Early summer drought still affecting crops, consumers

Early summer drought still affecting crops, consumers (Image 1)

Consumers hoping to buy local products could have a hard time finding what they want at local farmer's markets.

“We're having problems with things coming in,” said Nashville Farmers' Market vendor Kimberly Brown. “It's hard to get certain things, and what is coming in, prices are fluctuating up and down, up and down.”

The products that are available will likely make your grocery bill a little bit pricier.

While the drought has affected everything from tomatoes to green beans and fruits, the main concern is corn.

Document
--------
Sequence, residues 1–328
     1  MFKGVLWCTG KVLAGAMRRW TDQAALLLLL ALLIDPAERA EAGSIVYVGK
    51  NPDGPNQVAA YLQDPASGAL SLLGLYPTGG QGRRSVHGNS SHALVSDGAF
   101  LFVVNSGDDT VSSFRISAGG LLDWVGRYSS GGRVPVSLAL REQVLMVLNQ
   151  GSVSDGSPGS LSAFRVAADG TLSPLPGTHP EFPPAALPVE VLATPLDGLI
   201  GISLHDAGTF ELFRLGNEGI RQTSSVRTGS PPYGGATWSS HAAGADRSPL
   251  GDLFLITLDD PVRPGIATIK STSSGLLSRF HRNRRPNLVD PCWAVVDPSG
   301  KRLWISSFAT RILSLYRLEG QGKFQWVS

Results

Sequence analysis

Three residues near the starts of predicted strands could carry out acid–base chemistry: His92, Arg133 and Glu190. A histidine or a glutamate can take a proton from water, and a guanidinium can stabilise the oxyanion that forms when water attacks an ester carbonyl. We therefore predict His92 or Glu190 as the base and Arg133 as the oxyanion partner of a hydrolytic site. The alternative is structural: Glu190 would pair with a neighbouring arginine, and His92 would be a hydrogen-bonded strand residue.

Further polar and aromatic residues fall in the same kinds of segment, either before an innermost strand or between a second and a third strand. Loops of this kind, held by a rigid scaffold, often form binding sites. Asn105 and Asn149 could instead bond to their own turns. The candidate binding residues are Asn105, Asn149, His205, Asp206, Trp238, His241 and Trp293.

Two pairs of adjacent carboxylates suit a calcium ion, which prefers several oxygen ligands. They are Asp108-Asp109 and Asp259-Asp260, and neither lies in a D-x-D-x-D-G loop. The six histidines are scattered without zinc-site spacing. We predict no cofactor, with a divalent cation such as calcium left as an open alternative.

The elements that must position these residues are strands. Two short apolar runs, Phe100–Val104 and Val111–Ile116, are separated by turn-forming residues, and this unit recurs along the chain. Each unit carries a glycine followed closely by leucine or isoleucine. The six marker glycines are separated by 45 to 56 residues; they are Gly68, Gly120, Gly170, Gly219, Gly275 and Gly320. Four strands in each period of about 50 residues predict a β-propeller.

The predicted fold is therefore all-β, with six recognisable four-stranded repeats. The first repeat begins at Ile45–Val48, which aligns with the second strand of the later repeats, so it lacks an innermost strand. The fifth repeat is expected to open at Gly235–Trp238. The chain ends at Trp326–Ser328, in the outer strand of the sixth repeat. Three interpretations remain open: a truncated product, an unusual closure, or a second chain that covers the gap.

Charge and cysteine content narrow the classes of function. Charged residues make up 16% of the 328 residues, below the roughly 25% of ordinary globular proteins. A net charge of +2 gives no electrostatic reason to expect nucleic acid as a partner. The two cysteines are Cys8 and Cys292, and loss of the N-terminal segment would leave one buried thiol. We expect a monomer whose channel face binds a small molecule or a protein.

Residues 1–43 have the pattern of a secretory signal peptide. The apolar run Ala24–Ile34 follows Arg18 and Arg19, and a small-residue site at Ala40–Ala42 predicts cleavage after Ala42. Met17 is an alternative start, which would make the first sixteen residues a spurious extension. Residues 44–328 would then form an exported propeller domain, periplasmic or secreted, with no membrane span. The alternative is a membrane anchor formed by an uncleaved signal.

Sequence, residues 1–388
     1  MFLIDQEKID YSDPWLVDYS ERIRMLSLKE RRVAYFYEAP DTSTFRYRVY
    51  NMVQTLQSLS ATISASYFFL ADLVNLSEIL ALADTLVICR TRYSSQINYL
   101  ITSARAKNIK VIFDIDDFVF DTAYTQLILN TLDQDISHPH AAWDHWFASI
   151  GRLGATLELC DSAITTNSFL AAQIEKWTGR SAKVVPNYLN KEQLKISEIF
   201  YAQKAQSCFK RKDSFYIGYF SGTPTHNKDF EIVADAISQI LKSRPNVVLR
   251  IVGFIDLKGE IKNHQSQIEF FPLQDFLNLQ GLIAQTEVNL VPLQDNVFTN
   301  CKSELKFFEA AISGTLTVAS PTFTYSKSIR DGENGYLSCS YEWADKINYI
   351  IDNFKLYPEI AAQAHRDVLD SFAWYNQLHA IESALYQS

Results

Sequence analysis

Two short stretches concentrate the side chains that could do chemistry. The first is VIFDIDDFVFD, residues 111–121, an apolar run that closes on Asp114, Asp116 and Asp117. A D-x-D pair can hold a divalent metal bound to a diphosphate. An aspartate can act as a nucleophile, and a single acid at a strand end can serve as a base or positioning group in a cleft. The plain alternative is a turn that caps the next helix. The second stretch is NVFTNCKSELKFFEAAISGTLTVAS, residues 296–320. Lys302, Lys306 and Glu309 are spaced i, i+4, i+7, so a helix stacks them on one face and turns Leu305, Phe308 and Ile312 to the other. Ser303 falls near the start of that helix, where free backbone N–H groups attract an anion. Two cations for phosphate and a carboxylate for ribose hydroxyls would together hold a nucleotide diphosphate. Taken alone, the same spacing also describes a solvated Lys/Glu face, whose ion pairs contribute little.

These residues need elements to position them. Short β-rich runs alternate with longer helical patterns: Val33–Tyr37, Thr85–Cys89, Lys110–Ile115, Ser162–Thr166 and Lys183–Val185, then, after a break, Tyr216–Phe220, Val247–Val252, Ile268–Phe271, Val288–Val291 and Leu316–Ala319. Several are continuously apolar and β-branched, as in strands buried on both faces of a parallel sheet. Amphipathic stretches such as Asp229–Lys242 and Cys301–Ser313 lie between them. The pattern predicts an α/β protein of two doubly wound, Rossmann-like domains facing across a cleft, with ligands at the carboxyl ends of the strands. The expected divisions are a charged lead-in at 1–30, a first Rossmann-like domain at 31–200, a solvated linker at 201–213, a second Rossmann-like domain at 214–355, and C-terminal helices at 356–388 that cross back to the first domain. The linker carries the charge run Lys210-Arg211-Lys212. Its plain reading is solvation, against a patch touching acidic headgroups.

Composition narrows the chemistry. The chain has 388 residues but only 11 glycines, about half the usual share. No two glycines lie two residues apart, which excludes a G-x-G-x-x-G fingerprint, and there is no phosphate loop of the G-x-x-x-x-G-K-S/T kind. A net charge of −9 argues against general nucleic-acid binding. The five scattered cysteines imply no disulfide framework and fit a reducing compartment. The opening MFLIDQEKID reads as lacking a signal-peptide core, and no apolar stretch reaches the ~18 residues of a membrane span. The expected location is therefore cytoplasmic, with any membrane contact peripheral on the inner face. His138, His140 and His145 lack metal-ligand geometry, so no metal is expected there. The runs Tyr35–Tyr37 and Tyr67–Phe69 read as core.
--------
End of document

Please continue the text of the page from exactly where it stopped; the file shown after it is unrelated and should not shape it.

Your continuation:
Most vendors at the Nashville Farmers' Market don't even have such fruits and vegetables.

“The corn is very small,” Brown explained. “We're giving them to people.  If they buy a dozen, we're throwing the little ones in there for free.”

Officials are warning of higher prices this fall, but it's not just the grocery stores where local shoppers will notice a difference.

With the lack of crops, local vendors could pack up and leave.

“I don't see a lot of people staying this winter,” Brown said. “I see them leaving for a while and coming back in April or May.”

The drought across the U.S. has affected 88% of the country's corn crop.

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